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writ of ca. sa. issued, but that no such writ duly issued.] The insertion of the word duly cannot enable the party to take advantage of an irregularity in the practice : if the writ itself had appeared to be bad on the face of it, objection might indeed have been taken to it; but the objection cannot be shewn by pleading other matter, as in the rejoinder. The case of Praed v. The Duchess of Cumberland (a) is in point to shew that the rejoinder is a departure from the plea. There, to debt on bond given to secure an annuity, the defendant pleaded that there was no such memorial of the bond as is required by the annuity act; the replication set forth a memorial, containing the names of the parties, &c. and the consideration for which the annuity was granted : the defendant rejoined, that the consideration was untruly stated in the memorial: and this, on demurrer, was held to be a departure. (Bayley, J. The ground on which that judgment was affirmed in error (b) was that the rejoinder introduced a fact which went to vitiate the deed granting the annuity, and not to shew that there was no memorial of the bond.] In Elliot v. Lane (c), which was in scire facias against bail, they pleaded that there was no ca. sa. against the principal. The plaintiff replied by shewing a ca. sa. and a return of non est inventus : the defendant rejoined that the ca. sa. did not lie four days in the office: and this, on demurrer, was held to be a departure; though by the practice of the Court the proceedings were on that account irregular, and might have been set aside. Here indeed the plea is that no ca. sa. was duly issued; but as the writ issued was legal on the face of it, the party might have been taken by
(a) 4 Term Rep. 585.
(6) 2 H. Blac, 280 -4.
(c) 1 Wils, 334.
the sheriff by virtue of it. The case of Fisher v. Pimbley (a), which will be relied on contrà, turned upon this distinction. To an action on bond conditioned to perform an award, the defendant pleaded no award. The replication set out an award: the rejoinder stated the whole award, in which was recited the bond of submission, by which it appeared upon the face of the award that it was not warranted by the submission; and upon demurrer, the plea of no award was held to be sustained by such rejoinder.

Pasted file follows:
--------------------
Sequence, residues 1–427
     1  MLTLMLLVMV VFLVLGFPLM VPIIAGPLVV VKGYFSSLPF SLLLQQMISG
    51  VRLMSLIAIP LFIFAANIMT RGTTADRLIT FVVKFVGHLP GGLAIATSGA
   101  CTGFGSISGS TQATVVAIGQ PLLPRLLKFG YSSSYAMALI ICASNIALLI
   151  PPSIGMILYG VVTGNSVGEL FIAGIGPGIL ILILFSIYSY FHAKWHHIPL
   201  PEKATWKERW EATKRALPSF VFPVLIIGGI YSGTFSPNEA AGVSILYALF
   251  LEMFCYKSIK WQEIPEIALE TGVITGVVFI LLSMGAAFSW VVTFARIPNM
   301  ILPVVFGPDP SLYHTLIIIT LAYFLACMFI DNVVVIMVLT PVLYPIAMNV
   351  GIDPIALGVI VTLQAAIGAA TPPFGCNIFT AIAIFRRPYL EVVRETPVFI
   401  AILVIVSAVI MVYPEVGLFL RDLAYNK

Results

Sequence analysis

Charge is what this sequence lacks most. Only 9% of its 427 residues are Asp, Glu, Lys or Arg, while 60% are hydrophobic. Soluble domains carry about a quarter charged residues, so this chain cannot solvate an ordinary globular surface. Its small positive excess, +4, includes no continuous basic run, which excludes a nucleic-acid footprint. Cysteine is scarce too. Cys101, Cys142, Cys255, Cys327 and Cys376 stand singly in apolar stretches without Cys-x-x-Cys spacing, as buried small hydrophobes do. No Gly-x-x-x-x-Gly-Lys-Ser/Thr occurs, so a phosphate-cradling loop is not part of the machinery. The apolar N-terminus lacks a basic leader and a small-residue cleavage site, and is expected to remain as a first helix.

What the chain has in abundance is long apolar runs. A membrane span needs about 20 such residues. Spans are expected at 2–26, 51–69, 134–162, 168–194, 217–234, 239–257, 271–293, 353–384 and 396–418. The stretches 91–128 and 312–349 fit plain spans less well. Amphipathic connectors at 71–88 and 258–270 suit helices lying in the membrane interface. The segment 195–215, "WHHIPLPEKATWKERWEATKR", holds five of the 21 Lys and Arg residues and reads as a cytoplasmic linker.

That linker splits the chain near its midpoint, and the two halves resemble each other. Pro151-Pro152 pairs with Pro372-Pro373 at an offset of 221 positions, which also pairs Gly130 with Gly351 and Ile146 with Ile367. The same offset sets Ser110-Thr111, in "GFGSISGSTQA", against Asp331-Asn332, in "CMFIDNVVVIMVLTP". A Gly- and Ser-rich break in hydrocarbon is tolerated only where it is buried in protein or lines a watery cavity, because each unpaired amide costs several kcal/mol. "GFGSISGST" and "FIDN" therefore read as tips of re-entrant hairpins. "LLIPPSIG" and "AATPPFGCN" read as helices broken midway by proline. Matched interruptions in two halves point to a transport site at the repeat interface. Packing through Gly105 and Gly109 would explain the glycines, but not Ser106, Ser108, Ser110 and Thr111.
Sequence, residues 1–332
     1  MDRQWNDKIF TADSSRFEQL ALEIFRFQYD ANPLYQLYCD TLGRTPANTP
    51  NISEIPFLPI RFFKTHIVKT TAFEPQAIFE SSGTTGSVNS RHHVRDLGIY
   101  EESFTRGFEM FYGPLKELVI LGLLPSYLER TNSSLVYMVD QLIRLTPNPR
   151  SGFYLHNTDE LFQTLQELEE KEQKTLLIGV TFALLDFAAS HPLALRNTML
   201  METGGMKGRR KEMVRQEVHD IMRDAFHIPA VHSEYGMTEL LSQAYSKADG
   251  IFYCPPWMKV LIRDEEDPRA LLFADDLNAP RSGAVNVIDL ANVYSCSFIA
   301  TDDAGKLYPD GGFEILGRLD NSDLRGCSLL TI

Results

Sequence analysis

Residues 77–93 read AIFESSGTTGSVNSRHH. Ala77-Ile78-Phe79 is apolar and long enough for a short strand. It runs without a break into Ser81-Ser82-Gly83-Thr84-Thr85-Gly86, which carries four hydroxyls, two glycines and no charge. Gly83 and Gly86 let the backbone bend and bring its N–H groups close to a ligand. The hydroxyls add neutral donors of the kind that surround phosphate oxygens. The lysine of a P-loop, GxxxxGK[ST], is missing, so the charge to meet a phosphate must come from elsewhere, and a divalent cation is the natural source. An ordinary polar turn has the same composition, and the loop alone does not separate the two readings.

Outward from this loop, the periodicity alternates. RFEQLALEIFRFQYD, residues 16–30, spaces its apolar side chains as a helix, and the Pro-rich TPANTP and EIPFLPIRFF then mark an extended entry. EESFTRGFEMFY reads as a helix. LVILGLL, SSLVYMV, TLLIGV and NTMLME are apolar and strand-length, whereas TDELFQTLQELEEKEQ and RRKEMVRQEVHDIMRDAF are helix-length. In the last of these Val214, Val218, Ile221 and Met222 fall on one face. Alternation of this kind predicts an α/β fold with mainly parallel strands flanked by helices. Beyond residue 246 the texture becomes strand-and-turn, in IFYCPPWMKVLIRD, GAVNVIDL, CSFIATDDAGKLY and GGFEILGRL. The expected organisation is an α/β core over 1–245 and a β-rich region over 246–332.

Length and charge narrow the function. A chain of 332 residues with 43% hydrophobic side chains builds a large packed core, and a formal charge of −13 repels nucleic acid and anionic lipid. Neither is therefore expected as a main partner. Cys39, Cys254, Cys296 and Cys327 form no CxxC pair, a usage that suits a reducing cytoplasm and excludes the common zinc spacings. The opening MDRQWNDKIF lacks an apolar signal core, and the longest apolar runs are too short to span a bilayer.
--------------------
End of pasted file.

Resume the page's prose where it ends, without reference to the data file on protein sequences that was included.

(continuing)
Bowen, contrà, was stopped by the Court.
Lord ELLENBOROUGH, C. J. The argument for the plaintiff would be irresistible, if the allegation had been, as in the case of Elliot v. Lane, that there was no writ of capias ad satisfaciendum issued against the principal; but here the allegation is that none was duly issued, which refers to the purpose for which it is professed to be issued, that of charging the bail, and is equivalent in effect to saying that no ca. sa. was sued out in the manner required by the practice of the Court to charge the bail. Then the rejoinder shewing in answer to the replication setting out a ca. sa. sued into Middlesex, that it was issued into a wrong county, and therefore could not operate to charge the bail, sustains the bar, that no ca. sa. had duly issued, instead of being a departure from it. We must take notice of the practice of the Court in a case like this, where it is the very subject-matter of dispute, and is put in issue. For what purpose is the issuing of the ca. sa. at all in this instance, except as matter of practice?
the bill when presented to him, marked no effects." fact is though in
GROSE, J. agreed.
1812. BAYLEY, J. alleging that no writ of capias ad satisfaci DUDLOW
against endum was duly sued out and returned or filed, &c. WATCHORN. means that it was not so sued, returned, and filed as to enable the plaintiff to charge the bail: and if it be shewn not to have issued according to the practice of the Court for that purpose, it is shewn not to have been duly issued, &c.
Judgment for the Defendants.
June 20. TADDY moved to set aside a nonsuit in this case, and where one
stated that the plaintiffs sued as indorsees of a bill of exchange with exchange against the drawer; and at the trial before Lord a bona fide reaEllenborough, C. J. at Guildhall were nonsuited, for tation of having
assets in the want of proving notice to the drawer of the non-accept- hands of the ance of the bill by the drawee; it appearing that the drawee; as by
having shipped drawer, though he had no effects in the drawee's hands goods on his